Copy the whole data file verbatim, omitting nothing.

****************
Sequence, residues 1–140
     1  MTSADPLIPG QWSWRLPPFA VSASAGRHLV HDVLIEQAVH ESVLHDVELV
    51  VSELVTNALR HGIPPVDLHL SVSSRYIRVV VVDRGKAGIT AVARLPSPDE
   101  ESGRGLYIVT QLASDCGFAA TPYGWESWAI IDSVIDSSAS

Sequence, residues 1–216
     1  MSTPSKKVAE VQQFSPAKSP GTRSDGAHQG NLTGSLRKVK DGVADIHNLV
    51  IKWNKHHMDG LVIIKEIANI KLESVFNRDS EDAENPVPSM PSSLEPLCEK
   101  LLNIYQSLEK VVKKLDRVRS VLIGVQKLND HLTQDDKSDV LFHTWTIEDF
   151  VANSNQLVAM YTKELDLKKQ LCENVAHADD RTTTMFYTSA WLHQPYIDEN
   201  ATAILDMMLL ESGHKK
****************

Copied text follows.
Sequence, residues 1–140
     1  MTSADPLIPG QWSWRLPPFA VSASAGRHLV HDVLIEQAVH ESVLHDVELV
    51  VSELVTNALR HGIPPVDLHL SVSSRYIRVV VVDRGKAGIT AVARLPSPDE
   101  ESGRGLYIVT QLASDCGFAA TPYGWESWAI IDSVIDSSAS

Sequence, residues 1–216
     1  MSTPSKKVAE VQQFSPAKSP GTRSDGAHQG NLTGSLRKVK DGVADIHNLV
    51  IKWNKHHMDG LVIIKEIANI KLESVFNRDS EDAENPVPSM PSSLEPLCEK
   101  LLNIYQSLEK VVKKLDRVRS VLIGVQKLND HLTQDDKSDV LFHTWTIEDF
   151  VANSNQLVAM YTKELDLKKQ LCENVAHADD RTTTMFYTSA WLHQPYIDEN
   201  ATAILDMMLL ESGHKK